It is exciting stumbling unexpectedly upon a book that catches one unaware, making one both think and feel in a different way than before. Whispers in the Woods is such a book. It is a traditional and at once quiet tale that looks back to medieval life and traditions, in so doing offering peace and solace from the hustle and bustle of modern life.
Taking the legendary green children of Woolpit as its inspiration, Whispers in the Woods deftly takes its child protagonists Fern and Hickory on a quest for ultimate self-knowledge and acceptance. What is so admirable in this is the way the tale captures the mood, music, movement and motions of medieval English life whilst covertly questioning issues of nurture and nature in the two children’s development.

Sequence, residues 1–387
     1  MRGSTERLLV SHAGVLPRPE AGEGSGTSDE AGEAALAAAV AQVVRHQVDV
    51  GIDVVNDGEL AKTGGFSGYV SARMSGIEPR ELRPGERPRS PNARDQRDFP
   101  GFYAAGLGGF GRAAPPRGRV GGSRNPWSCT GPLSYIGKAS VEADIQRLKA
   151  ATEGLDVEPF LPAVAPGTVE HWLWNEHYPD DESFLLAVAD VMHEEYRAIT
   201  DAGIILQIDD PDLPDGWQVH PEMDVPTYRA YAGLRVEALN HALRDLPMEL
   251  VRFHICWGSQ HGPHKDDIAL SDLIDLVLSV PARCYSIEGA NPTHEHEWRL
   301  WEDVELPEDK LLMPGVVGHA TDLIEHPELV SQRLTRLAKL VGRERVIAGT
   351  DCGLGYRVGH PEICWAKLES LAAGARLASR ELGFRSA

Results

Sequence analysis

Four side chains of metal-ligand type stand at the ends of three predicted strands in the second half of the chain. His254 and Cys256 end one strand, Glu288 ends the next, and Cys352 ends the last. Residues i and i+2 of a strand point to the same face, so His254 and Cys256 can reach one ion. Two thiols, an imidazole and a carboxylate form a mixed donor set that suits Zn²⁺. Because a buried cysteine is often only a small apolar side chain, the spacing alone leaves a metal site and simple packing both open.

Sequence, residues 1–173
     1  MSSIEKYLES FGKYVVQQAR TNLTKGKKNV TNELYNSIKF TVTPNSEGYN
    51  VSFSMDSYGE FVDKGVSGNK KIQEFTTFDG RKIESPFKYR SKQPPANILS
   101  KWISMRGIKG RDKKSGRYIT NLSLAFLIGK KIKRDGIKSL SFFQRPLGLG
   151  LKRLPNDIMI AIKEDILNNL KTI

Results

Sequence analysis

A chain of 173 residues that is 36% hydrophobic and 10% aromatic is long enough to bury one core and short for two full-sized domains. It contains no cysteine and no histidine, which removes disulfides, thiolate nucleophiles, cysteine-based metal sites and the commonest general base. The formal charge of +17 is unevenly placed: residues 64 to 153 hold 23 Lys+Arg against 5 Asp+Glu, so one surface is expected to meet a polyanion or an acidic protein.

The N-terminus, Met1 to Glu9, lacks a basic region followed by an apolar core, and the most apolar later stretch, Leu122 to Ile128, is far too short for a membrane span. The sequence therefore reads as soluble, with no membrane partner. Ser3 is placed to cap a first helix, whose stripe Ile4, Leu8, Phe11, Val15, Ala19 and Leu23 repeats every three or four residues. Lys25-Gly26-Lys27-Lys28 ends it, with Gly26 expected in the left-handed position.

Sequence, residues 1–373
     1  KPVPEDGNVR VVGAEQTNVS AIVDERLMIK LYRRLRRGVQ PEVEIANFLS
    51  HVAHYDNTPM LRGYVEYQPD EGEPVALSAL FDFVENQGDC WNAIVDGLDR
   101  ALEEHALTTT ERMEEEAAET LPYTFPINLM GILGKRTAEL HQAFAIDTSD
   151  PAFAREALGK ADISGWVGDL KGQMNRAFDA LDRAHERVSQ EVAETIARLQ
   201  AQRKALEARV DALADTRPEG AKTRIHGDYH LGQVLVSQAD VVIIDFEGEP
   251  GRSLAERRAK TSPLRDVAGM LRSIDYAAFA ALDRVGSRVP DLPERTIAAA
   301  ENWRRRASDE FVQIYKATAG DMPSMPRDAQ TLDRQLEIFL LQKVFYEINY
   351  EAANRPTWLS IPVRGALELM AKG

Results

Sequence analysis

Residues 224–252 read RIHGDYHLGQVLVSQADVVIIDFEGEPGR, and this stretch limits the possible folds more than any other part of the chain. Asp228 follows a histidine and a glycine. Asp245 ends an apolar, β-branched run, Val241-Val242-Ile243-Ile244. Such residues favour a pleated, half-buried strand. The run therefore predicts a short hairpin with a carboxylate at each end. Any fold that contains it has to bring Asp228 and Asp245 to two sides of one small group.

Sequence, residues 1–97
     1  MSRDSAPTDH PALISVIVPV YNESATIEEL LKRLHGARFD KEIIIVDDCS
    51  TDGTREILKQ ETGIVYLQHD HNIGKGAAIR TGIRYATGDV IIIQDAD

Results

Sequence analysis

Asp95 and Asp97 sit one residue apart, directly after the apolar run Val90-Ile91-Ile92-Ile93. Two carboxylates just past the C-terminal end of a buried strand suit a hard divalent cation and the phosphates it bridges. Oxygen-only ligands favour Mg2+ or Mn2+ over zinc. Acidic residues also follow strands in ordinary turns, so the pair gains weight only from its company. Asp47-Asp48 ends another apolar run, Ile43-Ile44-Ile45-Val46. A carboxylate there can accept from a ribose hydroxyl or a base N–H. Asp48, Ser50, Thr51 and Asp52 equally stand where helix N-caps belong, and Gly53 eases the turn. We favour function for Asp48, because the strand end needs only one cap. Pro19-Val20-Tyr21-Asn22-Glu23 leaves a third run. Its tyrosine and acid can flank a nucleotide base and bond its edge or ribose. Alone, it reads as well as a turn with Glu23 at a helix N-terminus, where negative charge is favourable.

The gentle narration and the endearing depiction of Fern and Hickory make this a likeable and comforting story. That is not to say the tale is not also resonant. The children’s persecution by witchfinder Silas of Wickham draws parallels with race issues of the present day. Similarly, the children’s relationship with nature stimulates thinking about our contemporary relationship with the environment. Interwoven into the tale are legends, folk-lore, a brief grounding in the origins of surnames and etymology, and an overview of mediaeval castle life.
On a purely practical level, production values on some of the illustrations are low, preventing them from properly complementing the text. The inclusion of a glossary is useful in providing an understanding of some of the more specialised language.
A welcome addition to the bookshelf.